8D (Eight Disciplines of Problem Solving) is a meticulous process used to solve complex problems. This is a popular method for problem solving because it is reasonably easy to teach and effective. 8D uses composite problem solving methodology, by borrowing tools and techniques from various approaches. The original 8D process was pioneered by Ford Motor Company and called TOPS (Team Oriented Problem Solving). The process is documented on a form with attachments; however, following the form does not complete the 8D process and will not yield desired results.
What Are the Steps Used in 8D?
The 8D steps and tools used are as follows:
D0: Prepare for the 8D
- Collect the Symptoms
- Symptoms Checklist
- Emergency Response Action
D1: Form a Team
- Core Team Structure
- Team Preparation
D2: Describe the Problem
- 5 Why
- Problem Statement
- Affinity Diagram
- Is / Is Not
- Problem Description
D3: Interim Containment Action
- Verification of Effectiveness
D4: RCA (Root Cause Analysis) and Escape Point
- Differences and Changes
- Root Cause Theories
- Process Flow Diagram
- Escape Point
D5: Permanent Corrective Action
- Acceptance Criteria
- Risk Assessment / FMEA (Failure Mode and Effects Analysis)
- Balanced Choice
- Control Point Improvement
- Verification of Effectiveness
D6: Implement and Validate
- Project Plan
- Validation of Improvements
- Similar Products and Process Prevention
- Systems Prevention
- Standard Work or Practice
- Procedures / Policy Updates
D8: Closure and Team Celebration
- Archive Documents
- Team Lessons Learned
- Before and After Comparison
- Celebrate Successful Completion
The 8D process or Global 8D, as it is known by Ford, alternates inductive and deductive problem solving tools to steadily progress towards a solution. The Quality-One approach uses a core team of three for inductive activities with data driven tools and a larger SME (Subject Matter Expert) team for the deductive activities through brainstorming.
What is the Relationship Between 8D and FMEA?
FMEA is a tool used in the planning of product or process design. The Failure Modes in a FMEA are equivalent to the problem statement or description in an 8D. Causes in a FMEA are equivalent to potential causes in an 8D. Effects of failure in a FMEA are problem symptoms in an 8D. The relationships between 8D and FMEA are outlined below:
- The problem statements and descriptions can be linked between both documents. An 8D can be completed faster by utilizing easy to locate, pre-brainstormed information from a FMEA to solve problems.
- Possible causes in a FMEA can immediately be used to jump start 8D Fishbone or Ishikawa diagrams. Brainstorming information that is already known is not a good use of time or resources.
- Data and brainstorming collected during an 8D can be placed into a FMEA for future planning of new product or process quality. This allows a FMEA to consider actual failures, occurring as failure modes and causes, becoming more effective and complete.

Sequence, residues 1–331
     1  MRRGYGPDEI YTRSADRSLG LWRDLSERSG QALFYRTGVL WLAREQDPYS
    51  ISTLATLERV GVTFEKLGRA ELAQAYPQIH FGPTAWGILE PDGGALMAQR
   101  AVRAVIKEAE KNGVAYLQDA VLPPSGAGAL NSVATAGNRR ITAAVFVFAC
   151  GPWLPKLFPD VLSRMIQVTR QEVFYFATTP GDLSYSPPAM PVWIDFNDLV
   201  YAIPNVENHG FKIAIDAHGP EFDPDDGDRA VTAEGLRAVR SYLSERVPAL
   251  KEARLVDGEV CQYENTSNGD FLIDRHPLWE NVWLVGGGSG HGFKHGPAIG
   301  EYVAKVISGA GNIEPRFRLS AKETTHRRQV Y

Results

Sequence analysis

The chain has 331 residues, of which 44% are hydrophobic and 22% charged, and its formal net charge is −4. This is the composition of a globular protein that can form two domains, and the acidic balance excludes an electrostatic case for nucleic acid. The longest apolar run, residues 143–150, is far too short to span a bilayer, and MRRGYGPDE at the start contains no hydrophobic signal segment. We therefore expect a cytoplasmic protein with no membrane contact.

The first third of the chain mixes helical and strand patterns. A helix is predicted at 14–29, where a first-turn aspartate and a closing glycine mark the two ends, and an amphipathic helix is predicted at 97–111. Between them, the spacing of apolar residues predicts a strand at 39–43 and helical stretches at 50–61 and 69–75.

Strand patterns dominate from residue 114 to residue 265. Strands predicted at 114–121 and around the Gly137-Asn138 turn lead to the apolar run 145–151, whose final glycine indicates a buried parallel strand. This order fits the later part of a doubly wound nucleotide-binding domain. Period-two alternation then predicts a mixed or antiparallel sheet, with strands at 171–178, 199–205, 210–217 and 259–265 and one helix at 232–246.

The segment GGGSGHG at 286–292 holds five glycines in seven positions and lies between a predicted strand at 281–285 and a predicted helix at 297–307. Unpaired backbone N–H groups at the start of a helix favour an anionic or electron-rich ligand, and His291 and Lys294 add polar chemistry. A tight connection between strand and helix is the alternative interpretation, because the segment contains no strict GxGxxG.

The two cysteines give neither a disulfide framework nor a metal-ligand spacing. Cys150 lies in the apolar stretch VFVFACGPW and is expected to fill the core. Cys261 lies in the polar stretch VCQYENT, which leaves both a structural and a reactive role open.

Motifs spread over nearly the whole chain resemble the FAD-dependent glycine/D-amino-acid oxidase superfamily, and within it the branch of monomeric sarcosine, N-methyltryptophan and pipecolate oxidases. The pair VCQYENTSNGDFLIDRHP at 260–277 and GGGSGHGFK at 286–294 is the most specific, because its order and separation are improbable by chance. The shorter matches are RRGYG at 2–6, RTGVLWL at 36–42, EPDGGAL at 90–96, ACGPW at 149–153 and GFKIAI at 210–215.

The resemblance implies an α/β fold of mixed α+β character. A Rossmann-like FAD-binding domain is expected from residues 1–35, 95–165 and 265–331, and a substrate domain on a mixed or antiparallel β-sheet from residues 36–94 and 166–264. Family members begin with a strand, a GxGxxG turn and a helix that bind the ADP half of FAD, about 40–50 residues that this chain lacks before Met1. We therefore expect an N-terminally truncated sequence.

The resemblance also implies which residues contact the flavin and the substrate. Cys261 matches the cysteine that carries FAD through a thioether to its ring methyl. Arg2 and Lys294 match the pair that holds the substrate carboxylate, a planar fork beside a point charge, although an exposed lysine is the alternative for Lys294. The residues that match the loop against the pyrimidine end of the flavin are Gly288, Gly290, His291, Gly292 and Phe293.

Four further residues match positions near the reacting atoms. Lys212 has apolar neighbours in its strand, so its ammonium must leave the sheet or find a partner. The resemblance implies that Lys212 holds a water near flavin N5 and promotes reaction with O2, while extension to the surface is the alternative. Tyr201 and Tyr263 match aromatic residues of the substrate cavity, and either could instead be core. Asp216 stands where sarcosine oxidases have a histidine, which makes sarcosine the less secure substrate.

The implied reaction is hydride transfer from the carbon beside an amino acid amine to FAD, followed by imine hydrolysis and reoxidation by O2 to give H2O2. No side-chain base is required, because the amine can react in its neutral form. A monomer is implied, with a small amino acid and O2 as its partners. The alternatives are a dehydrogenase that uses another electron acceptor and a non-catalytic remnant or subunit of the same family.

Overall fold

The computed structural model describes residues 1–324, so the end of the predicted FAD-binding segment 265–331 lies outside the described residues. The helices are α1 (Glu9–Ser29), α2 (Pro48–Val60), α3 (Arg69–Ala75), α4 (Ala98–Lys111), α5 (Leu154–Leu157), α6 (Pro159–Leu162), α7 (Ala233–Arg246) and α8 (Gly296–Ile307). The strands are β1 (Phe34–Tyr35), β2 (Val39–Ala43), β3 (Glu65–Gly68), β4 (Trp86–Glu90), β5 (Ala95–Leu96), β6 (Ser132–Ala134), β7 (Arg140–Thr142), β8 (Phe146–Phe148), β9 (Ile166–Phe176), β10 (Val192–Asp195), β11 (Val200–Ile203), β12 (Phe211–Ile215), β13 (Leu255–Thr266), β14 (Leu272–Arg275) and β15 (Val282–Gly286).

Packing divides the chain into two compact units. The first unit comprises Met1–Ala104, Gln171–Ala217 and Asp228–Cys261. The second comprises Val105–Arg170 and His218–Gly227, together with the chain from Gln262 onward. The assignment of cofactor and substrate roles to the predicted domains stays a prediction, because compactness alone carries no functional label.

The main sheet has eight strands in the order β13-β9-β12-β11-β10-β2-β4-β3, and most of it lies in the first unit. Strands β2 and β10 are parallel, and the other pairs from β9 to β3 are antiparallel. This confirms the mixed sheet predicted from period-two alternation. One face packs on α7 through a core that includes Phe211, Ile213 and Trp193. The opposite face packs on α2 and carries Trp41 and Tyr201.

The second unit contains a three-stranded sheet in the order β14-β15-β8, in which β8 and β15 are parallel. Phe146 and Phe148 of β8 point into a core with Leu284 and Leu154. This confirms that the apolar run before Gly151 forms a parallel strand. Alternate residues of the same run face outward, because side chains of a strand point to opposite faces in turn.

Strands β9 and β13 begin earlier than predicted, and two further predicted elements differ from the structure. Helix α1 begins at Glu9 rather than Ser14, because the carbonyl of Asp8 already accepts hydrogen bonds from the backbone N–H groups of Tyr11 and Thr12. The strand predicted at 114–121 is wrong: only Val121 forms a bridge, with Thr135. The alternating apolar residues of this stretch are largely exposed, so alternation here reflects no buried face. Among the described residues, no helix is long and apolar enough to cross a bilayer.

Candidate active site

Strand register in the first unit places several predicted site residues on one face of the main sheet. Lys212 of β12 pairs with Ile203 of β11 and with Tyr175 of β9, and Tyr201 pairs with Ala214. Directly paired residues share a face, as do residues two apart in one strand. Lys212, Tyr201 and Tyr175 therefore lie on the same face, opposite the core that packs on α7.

- The design or process controls in a FMEA can be used in verifying the root cause and Permanent Corrective Action in an 8D.
The FMEA and 8D should reconcile each failure and cause by cross documenting failure modes, problem statements and possible causes. Each FMEA can be used as a database of possible causes of failure as an 8D is developed.
Q-1 provides problem solving expertise and training in the 8D method. 8D is useful for problem solving in any industry or application. We have transferred 8D knowledge to thousands of users, offering Training and Facilitation customized to your unique business needs.
Symp·tom noun /ˈsim(p)təm/ A sign of the existence of an undesirable state.A symptom is always required for a problem solving activity to begin. The symptom may be detailed or vague. The first step in 8 Disciplines for problem solving is to define the symptom in as much detail as possible through communication with an internal or external customer. The ”problem symptom” coming from a customer requires some factual detail in order to begin the 8D. The 8D process typically converts the symptom to a simple “OBJECT and DEFECT” for further analysis.
Initial fact gathering, details the symptom in more quantifiable terms. Without data, the problem solving effort can wander aimlessly showing little or no progress. Additional information required for quantifying the symptom may include:
- Date of Manufacture
- Lot numbers
- When it was first noticed?
- If the problem is noticed by multiple users and facilities
Symptoms and Effects of Failure
A “Problem Symptom” in 8D, A “Customer Verbatim” in Warranty and A “Potential Effect” of a Failure Mode and Effects Analysis (FMEA) are roughly equivalent to one another. They are not the actual focus of the problem solving activity. The Root Cause of a problem is rarely the problem symptom communicated by the customer. Integrating the Problem Symptoms into FMEA, as Effects of Failure, assures the Lessons learned in problem solving will eventually be collected and added back into the problem prevention tools like FMEA.
Emergency Response Action (ERA)
Symptoms are often relieved through an Emergency Response Action (ERA). The ERA (Emergency Response Action) simply addresses the current level of “Pain” and is not to be confused with addressing the root of the problem. In all cases ERA is Verified and Validated to relieve the “PAIN” of the problem.
Defining the problem with available facts keeps the cross-functional team focused on discovering the root cause.The process is similar to that used by CSI investigators and medical professionals and removes possibilities with the available collective facts.
Three Step Process
The “Problem Description” is determined through a multi-step clarification process.
- Problem Symptom is Quantified and converted to” OBJECT and DEFECT”